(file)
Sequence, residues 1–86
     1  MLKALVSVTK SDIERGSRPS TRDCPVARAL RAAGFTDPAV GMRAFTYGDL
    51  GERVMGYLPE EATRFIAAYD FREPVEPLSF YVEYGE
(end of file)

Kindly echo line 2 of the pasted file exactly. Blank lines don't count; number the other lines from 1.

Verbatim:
     1  MLKALVSVTK SDIERGSRPS TRDCPVARAL RAAGFTDPAV GMRAFTYGDL